Proposed Future Mars Landing Site: Acidalia Planitia Mud Volcanoes
NASA/JPL/University of Arizona

Proposed Future Mars Landing Site: Acidalia Planitia Mud Volcanoes
ESP_019612_2250  Science Theme: Future Exploration/Landing Sites
Español



WALLPAPER

800  1024  
1152  1280  
1440  1600  
1920  2048  
2560  

HIFLYER

PDF, 11 x 17 in  
This proposed future Mars landing site in Acidalia Planitia targets densely occurring mounds thought to be mud volcanoes.

Mud volcanoes are geological structures formed when a mixture of gas, liquid and fine-grained rock (or mud) is forced to the surface from several meters to kilometers underground. Scientists are targeting these mud volcanoes because the sediments, brought from depth, could contain organic materials that might provide evidence for possible past and present microbial life on Mars.
Written by: Sharon Wilson   (1 December 2010)

This is a stereo pair with ESP_025203_2250.



 Image Products: All image links are drag & drop for HiView, or click to download
JPEG
Grayscale: map projected  non-map
IRB color: map projected  non-map
Merged IRB: map projected
Merged RGB: map projected
RGB color: non-map projected

JP2 DOWNLOAD
Grayscale: map-projected (928.8 MB)
IRB color: map-projected (454.5 MB)

JP2 EXTRAS
Grayscale: map-projected  (381.6 MB),
non-map  (445.9 MB)
IRB color: map projected  (125.9 MB)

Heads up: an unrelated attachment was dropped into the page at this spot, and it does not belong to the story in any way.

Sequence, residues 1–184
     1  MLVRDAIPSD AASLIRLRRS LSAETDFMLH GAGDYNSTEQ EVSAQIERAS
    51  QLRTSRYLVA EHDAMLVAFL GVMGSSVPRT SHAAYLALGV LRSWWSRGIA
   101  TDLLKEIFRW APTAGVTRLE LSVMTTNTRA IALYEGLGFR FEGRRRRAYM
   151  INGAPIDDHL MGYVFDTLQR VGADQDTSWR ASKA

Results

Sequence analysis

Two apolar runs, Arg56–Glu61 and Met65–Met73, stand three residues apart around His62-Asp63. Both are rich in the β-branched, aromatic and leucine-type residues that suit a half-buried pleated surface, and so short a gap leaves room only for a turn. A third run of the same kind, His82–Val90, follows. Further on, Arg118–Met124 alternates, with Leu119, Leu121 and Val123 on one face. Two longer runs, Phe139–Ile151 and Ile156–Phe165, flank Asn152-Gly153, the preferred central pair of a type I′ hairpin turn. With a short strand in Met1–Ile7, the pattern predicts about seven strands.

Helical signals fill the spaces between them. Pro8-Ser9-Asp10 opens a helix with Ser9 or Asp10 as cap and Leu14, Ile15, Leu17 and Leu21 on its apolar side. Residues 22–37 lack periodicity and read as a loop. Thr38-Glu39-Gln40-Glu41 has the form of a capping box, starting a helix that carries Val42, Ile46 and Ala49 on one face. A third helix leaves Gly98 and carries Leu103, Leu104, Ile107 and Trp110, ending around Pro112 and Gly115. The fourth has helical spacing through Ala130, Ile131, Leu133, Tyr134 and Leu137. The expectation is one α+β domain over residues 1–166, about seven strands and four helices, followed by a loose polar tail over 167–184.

non-map  (356.9 MB)
Merged IRB: map projected  (251.1 MB)
Merged RGB: map-projected  (257.8 MB)
RGB color: non map-projected  (346.1 MB)

ANAGLYPHS
Map-projected reduced-resolution (PNG)
Full resolution JP2 download
View anaglyph details page

ADDITIONAL IMAGE INFORMATION
Grayscale label   Color label
Merged IRB label   Merged RGB label
EDR products

About color products (PDF)
HiView main page

 Observation Toolbox
Acquisition date:02 October 2010 Local Mars time: 3:27 PM
Latitude (centered):44.510° Longitude (East):317.183°
Range to target site:301.6 km (188.5 miles)Original image scale range:30.2 cm/pixel (with 1 x 1 binning) so objects ~91 cm across are resolved
Map projected scale:25 cm/pixel and North is upMap projection:Equirectangular
Emission angle:3.5° Phase angle:53.4°
Solar incidence angle:57°, with the Sun about 33° above the horizon Solar longitude:157.7°, Northern Summer
For non-map projected products:
North azimuth:96° Sub-solar azimuth:342.7°
For map-projected products
North azimuth:270°Sub solar azimuth:159.3°

Context map

Usage Policy
All of the images produced by HiRISE and accessible on this site are within the public domain: there are no restrictions on their usage by anyone in the public, including news or science organizations. We do ask for a credit line where possible: Image: NASA/JPL/University of Arizona
Postscript
For information about NASA and agency programs on the Web, visit: http://www.nasa.gov. NASA's Jet Propulsion Laboratory, a division of the California Institute of Technology in Pasadena, Calif., manages the Mars Reconnaissance Orbiter for NASA's Science Mission Directorate, Washington. Lockheed Martin Space Systems is the prime contractor for the project and built the spacecraft. The HiRISE camera was built by Ball Aerospace and Technology Corporation and is operated by the University of Arizona. The image data were processed using the U.S. Geological Survey’s ISIS3 software.